UD — In your database, each consumer product is accompanied by a series of indicators related to possible exposure and possible harm. Describe them.

SFH — Each product is described by five dots. The first three dots refer to potential for exposure (to professional end users, consumers, and the environment) and the remaining two dots to the hazard potential, for humans and for the environment. The colors signify whether the indications of exposures or effects, each considered independently, are high (red), medium (yellow), low (green), or unknown (gray). All details about the methodology are provided in our website. Currently we list 556 products that are either red or yellow for consumer exposure potential and also have a high harm potential for humans.

UD — Should consumers and policymakers be worried by the wide availability of the many products with a yellow or red light, both for potential exposure and potential harm?

SFH — Yes, I think so. If you combine the information that we provide in the database, one can see that the nanomaterials that we know are associated with human and environmental harm are also the nanomaterials for which human and environmental exposure is to be expected. Furthermore, we find it worrying that there are so many products available to consumers where the producers/retailers make “nanoclaims” but where the identity of the nanomaterial is not provided — even when they are obliged to do so according to the E.U. legislation on cosmetics and biocidal products and treated articles. Over all we list 1,479 products for which we do not know which nanomaterial is used (nor if any is used at all, since some companies use “nano” as a marketing tool) and hence we cannot determine whether potential harm for that product is red, yellow, or green. Of course we would need to know the identity of the nanomaterial used in order to do any kind of safety evaluation [or] risk assessment.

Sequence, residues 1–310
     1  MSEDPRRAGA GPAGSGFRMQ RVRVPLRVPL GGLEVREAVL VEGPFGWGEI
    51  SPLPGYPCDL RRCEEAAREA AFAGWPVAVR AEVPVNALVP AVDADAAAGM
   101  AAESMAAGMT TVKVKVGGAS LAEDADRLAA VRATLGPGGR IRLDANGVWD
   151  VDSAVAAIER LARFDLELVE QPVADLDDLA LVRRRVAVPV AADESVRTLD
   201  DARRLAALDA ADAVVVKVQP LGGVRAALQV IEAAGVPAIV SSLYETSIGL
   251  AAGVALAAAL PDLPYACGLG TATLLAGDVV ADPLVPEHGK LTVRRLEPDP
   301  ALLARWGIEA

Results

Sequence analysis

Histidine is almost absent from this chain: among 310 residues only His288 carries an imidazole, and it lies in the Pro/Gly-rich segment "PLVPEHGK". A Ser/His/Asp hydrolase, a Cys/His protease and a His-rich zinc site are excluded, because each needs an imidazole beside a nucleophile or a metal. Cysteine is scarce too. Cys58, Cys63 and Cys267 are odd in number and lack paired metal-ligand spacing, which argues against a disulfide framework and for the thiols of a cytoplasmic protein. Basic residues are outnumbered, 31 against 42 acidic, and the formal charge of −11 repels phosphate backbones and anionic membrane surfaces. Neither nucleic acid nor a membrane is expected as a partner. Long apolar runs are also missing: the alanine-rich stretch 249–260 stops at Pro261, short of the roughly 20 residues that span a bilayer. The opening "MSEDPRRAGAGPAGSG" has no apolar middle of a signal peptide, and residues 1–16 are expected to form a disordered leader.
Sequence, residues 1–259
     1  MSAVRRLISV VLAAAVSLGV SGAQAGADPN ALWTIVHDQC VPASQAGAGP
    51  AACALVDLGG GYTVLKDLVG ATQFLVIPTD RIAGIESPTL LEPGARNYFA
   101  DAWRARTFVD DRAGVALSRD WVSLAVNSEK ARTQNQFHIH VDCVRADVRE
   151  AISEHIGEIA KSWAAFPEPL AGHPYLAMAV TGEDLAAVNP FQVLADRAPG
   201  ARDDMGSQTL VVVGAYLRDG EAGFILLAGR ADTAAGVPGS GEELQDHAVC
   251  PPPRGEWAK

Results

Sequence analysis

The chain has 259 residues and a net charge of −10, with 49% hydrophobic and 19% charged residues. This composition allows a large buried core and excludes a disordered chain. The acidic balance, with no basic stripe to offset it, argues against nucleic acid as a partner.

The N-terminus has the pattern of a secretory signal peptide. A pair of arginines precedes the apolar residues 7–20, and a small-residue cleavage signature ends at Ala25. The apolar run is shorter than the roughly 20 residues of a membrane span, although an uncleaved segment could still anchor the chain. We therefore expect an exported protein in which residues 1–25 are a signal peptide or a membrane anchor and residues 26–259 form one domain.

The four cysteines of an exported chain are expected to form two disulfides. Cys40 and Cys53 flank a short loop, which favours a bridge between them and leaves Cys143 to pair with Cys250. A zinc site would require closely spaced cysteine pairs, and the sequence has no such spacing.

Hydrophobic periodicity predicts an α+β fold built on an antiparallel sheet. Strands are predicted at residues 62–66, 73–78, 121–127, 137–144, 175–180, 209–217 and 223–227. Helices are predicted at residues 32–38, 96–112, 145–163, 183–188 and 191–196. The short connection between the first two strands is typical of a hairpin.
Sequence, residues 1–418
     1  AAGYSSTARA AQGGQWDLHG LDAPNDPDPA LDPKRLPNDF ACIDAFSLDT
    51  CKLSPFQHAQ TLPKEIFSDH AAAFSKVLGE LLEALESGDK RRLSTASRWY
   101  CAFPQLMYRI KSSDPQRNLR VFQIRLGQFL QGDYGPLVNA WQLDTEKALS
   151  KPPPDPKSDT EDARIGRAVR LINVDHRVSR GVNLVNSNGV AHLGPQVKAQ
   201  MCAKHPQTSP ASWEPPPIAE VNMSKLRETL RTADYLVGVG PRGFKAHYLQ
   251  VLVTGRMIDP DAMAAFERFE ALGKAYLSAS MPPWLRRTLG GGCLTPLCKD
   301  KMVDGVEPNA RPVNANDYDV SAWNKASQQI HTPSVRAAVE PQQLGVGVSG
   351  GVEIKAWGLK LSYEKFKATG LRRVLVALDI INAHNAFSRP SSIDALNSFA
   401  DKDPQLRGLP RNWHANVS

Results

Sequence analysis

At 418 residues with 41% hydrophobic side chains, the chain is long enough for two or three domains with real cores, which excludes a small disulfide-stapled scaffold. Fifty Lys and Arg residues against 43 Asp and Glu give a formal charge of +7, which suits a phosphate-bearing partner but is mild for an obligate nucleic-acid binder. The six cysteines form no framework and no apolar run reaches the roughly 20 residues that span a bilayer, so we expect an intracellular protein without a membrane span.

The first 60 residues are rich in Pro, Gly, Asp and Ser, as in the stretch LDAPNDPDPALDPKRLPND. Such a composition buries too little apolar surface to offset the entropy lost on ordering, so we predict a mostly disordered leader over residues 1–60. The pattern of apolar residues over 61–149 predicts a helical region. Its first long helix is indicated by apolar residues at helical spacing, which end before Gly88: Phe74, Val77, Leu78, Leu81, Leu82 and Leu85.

UD — The European Commission decided last spring not to establish a mandatory E.U.-wide registry for nanotechnology that proponents said would make it simpler to detect possible long-term negative effects and track them back to specific causes. What do you think of this decision?

SFH — I think it was a mistake. Without this information, we cannot make any kind of meaningful safety evaluation [or] risk assessment. I would still argue that the E.U. has been more progressive when it comes to regulation of nanomaterials: Legislation on cosmetics, biocides, and food has been amended requiring industry to take “nanospecific elements” into account. These are not very specific on how this should be done, but nevertheless.

Most of these amendments were due to the European Parliament and not the European Commission, which seems to be in internal conflict about how best to regulate nanomaterials. I think we need to ask the fundamental questions of whether this or that nanoproduct is useful and whether nanomaterials are necessary for that specific application. If it is found to be necessary, we can then start discussing the exposure and hazard potential, and whether it is possible to eliminate exposure altogether or whether we need to implement measures to minimize the risks.

Fabio Turone, a 2016-17 Knight Science Journalism fellow, is a science writer and editor based in Milan, Italy. He launched and currently heads the professional association Science Writers in Italy, with the aim of promoting international exchanges and collaboration.